Kimberly Jackson

Photo of Kimberly Jackson
Senior Policy Analyst
Off Site Office


MPP, University of California, Berkeley; MPH, University of California, Berkeley; BA in journalism, University of Minnesota, Twin Cities


Kimberly Jackson is a senior policy analyst at the RAND Corporation. Her research focuses on special operations, military personnel policy, counterterrorism, security sector assistance programs, national security organizations, and military culture.

Prior to her work at RAND, Jackson held several positions in the Pentagon, including as the deputy director for Levant policy, the senior Syria policy advisor to the Secretary of Defense, and as the director for various counterterrorism programs, including Section 1208. Jackson also has experience as a planner in three different special operations commands, including in a forward deployed capacity, and as a management consultant for General (Ret.) Stanley McChrystal. She served previously as the military and veterans advisor to U.S. Senator Mark Dayton, where she spearheaded legislation to create the National Guard and Reserve Yellow Ribbon Reintegration Program.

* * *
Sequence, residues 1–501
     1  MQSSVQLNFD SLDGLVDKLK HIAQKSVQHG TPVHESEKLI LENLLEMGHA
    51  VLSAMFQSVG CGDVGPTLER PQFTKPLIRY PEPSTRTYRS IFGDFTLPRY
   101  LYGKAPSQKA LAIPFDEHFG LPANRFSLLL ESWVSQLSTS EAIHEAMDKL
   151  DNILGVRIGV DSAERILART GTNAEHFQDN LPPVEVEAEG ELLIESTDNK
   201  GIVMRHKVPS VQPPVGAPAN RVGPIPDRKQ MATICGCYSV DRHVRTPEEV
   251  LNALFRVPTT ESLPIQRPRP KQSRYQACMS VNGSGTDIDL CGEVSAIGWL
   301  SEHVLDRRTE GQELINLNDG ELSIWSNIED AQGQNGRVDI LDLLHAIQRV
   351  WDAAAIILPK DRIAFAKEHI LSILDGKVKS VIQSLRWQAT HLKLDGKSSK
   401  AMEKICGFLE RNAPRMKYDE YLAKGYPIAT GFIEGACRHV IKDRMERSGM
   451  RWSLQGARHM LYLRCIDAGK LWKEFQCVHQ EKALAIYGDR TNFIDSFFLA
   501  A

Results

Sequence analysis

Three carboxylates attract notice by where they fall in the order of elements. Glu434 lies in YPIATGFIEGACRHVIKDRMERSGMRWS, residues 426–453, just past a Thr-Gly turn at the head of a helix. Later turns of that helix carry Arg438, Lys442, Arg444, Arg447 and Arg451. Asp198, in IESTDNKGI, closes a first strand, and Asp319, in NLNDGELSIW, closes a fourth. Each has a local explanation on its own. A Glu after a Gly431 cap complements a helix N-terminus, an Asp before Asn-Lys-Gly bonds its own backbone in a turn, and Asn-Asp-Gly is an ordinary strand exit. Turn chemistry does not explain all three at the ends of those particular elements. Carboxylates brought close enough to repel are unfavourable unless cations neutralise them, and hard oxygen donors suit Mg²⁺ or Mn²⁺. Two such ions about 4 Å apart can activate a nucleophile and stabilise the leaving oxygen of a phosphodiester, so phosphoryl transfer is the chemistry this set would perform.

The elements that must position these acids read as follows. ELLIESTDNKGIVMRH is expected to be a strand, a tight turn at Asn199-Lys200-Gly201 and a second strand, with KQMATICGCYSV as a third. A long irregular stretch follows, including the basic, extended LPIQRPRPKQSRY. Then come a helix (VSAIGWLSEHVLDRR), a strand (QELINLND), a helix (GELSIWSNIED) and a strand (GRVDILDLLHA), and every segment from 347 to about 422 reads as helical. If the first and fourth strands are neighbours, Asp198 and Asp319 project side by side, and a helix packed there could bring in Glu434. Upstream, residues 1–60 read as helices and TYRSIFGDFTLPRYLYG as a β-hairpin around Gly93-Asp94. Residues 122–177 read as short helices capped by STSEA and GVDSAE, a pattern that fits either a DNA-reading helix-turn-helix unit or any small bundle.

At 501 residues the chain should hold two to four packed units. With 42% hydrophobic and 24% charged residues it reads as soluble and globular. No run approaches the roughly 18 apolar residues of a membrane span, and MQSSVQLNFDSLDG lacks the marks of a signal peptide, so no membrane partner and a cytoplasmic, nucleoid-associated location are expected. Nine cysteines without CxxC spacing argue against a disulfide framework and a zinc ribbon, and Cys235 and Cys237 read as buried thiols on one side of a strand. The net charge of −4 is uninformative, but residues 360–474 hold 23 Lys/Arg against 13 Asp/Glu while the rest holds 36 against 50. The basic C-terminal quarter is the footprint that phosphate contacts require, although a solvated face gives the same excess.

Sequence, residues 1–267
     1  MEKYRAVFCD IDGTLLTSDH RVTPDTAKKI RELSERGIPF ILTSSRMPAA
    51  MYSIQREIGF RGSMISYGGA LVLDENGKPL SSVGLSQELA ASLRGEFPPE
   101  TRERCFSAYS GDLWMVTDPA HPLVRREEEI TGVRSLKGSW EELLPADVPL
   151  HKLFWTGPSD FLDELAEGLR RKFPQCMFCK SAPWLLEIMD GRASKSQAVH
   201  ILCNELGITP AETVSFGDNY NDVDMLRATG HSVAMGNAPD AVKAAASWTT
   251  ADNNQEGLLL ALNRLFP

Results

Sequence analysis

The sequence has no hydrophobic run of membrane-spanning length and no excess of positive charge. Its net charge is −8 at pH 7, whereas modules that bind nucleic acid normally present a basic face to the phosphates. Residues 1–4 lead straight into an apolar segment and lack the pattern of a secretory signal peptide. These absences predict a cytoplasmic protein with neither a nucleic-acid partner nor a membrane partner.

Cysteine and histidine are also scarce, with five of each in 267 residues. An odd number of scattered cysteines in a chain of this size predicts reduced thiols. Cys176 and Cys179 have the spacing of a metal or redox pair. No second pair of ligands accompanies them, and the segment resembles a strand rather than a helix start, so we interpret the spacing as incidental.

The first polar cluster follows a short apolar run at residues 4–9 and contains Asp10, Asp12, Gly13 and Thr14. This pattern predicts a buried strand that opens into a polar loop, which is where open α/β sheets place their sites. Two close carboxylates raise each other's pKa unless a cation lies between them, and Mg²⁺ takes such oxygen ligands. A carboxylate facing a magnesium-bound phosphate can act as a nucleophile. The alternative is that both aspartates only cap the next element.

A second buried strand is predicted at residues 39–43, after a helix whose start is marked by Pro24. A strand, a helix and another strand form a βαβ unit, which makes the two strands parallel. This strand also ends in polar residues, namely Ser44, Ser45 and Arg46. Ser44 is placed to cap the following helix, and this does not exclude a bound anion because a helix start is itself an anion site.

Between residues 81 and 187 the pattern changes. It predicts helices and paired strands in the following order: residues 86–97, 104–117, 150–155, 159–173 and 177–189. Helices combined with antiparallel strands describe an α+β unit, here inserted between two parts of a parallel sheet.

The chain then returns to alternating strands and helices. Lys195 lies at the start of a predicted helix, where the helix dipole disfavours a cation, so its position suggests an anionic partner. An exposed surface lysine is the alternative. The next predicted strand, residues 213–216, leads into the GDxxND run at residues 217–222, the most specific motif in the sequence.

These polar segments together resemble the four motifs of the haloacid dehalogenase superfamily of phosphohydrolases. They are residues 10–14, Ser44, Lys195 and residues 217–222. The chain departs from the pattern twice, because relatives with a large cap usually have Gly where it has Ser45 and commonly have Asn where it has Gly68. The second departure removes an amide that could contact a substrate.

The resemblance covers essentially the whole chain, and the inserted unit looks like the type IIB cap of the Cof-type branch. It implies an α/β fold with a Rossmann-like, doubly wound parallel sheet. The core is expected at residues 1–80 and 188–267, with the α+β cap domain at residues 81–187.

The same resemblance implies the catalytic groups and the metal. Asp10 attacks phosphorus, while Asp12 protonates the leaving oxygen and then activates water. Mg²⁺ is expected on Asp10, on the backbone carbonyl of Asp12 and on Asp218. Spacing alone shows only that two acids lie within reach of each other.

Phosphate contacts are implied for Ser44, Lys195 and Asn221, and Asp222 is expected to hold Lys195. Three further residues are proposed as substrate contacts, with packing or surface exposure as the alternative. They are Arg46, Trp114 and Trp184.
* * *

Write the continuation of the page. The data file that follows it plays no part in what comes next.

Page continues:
Jackson holds an M.P.P. and an M.P.H. from the University of California, Berkeley, and a B.A. in journalism from the University of Minnesota, Twin Cities. She is also an officer in the United States Navy Reserve, where she has had assignments within the Office of the Under Secretary of Defense for Intelligence, Naval Special Warfare and in the CNO's Strategic Studies Group.


  • Vehicles drive near Tabqa Dam on the Euphrates River, in the town of Tabqa, after Syrian Democratic Forces (SDF) captured it from Islamic State militants, Syria May 12, 2017

    Developing a Comprehensive Strategy for Countering the Islamic State

    Despite substantial policy and military focus, U.S. attempts to stop the Islamic State group have met with only varying degrees of success. A patient, long-term U.S. investment in governance—including a renewed commitment to addressing the root causes of instability in the Middle East—is needed in Iraq and Syria.

    Jun 5, 2017 U.S. News & World Report